CHILD LABOR

According to IPEC The term “child labour” is often defined as work that deprives children of their childhood, their potential and their dignity, and that is harmful to physical and mental development. It refers to work that: is mentally, physically, socially or morally dangerous and harmful to children.

Child labour is still common in many parts of the world. Estimates for child labour vary. It ranges between 250 and 304 million, if children aged 5–17 involved in any economic activity are counted. If light occasional work is excluded, ILO estimates there were 153 million child labourers aged 5–14 worldwide in 2008. This is about 20 million less than ILO estimate for child labourers in 2004.

Some 60 percent of the child labour was involved in agricultural activities such as farming, dairy, fisheries and forestry. Another 25% of child labourers were in service activities such as retail, hawking goods, restaurants, load and transfer of goods, storage, picking and recycling trash, polishing shoes, domestic help, and other services.

The remaining 15% laboured in assembly and manufacturing in informal economy, home-based enterprises, factories, mines, packaging salt, operating machinery, and such operations.

Two out of three child workers work alongside their parents, in unpaid family work situations. Some children work as guides for tourists, sometimes combined with bringing in business for shops and restaurants. Child labour predominantly occurs in the rural areas (70%) and informal urban sector (26%).

Child labour in Africa is still an issue today due to the unclear definition of adolescence and how much time is needed for children to engage in activities that are crucial for their development. Another issue that often comes into play is the link between what constitutes as child labour within the household due to the cultural acceptance of children helping run the family business. In the end, there is a consistent challenge for the national government to strengthen its grip politically on child labour, and to increase education and awareness on the issue of children working below the legal age limit.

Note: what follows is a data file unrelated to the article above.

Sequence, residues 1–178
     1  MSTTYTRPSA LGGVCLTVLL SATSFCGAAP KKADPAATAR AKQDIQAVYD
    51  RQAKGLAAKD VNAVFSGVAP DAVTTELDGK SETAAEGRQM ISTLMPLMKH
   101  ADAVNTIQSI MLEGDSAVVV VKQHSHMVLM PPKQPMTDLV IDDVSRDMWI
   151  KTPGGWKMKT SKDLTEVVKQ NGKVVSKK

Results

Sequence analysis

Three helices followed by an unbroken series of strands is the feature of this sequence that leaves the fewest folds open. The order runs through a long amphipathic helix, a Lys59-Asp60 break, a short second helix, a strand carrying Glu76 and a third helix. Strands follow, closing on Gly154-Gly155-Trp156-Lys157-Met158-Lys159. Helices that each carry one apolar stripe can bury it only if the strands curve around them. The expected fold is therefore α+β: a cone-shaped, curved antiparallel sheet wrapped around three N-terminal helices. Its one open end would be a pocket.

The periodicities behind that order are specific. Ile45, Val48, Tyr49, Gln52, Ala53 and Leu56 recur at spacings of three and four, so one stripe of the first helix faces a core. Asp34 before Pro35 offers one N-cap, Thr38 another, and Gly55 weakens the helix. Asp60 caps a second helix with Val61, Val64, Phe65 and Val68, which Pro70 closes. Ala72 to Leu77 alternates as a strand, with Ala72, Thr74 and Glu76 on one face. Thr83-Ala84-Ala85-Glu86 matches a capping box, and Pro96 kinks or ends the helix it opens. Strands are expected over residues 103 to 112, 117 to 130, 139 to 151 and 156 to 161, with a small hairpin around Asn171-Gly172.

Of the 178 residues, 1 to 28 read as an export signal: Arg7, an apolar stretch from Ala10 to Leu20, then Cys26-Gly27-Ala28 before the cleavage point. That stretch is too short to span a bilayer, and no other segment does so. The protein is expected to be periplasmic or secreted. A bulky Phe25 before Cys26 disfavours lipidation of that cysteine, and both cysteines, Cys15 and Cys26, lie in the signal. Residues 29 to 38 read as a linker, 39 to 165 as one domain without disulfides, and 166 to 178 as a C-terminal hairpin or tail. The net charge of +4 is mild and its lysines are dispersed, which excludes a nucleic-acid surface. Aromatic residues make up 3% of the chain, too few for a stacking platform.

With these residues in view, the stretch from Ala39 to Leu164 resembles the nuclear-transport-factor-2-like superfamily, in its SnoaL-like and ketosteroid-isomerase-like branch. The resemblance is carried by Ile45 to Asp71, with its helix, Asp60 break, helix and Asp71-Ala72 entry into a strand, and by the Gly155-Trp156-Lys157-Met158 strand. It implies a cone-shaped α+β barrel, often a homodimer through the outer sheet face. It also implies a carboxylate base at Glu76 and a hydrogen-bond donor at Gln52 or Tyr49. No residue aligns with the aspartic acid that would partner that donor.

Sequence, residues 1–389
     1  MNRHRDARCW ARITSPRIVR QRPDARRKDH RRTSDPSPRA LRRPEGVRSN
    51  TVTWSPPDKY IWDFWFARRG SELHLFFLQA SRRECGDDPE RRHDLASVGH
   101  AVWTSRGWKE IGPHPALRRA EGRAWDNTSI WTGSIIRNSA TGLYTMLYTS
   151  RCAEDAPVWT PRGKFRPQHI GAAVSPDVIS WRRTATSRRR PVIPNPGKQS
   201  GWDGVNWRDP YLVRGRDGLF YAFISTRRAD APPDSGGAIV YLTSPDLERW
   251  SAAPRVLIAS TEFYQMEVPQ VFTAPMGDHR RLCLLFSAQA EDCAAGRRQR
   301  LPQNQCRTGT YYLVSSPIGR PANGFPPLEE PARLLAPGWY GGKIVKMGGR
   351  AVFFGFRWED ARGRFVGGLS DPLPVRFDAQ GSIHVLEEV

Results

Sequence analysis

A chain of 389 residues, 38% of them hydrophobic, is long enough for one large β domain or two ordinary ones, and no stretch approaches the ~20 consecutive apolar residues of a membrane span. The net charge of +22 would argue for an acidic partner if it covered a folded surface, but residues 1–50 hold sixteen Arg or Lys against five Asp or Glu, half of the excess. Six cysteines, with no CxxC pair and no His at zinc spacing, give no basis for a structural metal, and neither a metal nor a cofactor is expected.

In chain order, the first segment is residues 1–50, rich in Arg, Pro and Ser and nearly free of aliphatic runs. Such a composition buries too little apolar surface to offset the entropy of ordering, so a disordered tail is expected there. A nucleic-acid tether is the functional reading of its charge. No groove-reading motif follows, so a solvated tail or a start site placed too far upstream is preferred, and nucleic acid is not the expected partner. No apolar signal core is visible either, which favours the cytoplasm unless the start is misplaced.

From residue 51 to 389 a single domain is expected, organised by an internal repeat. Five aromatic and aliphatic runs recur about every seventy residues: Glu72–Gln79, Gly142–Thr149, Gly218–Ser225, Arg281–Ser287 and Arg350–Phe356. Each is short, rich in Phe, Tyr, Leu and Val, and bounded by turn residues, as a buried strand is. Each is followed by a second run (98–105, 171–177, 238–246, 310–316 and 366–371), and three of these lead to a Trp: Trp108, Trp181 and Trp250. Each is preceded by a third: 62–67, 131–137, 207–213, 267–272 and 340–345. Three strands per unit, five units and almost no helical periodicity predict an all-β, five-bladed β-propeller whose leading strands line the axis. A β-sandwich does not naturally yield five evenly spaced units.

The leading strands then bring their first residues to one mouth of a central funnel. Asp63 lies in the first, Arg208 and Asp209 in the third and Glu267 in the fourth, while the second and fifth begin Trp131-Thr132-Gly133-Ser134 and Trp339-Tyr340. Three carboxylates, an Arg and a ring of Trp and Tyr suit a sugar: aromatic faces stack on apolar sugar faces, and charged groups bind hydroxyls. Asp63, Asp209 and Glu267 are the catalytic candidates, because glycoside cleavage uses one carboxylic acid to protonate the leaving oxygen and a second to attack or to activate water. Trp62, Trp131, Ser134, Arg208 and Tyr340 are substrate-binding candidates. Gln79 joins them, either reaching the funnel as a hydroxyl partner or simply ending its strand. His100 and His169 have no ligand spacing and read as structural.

This type of work has become such a societal norm that people rarely blink at this type of exploitation, and it is encouraged amongst the rural communities where if a family can’t cater for all it’s members, some of the underage children get sent off to stay in the city with rich families and work as maids and helps either at the homes or business places, exposing them to new environment without proper education.

These kids are forced to grow up early as the dangers they face force them out of childish tendencies and into survival mode at all times. In other situations, these kids start hawking food stuffs and other essentials such as sachet water, snacks, fruits all at the risk of being molested, manipulated and taken advantage of.

Schools in rural areas are not left out in this act, as students are made to farm on school property and carry wood for teachers and even fetch water for staff on school property.

Despite attempts to curb such acts, ignorance is the main backbone of this culture as parents find no wrong in making their children work from early ages.

Awareness about the effects of this action on children is becoming more pronounced as NGOS and child rights activists continually work to stop this practice.

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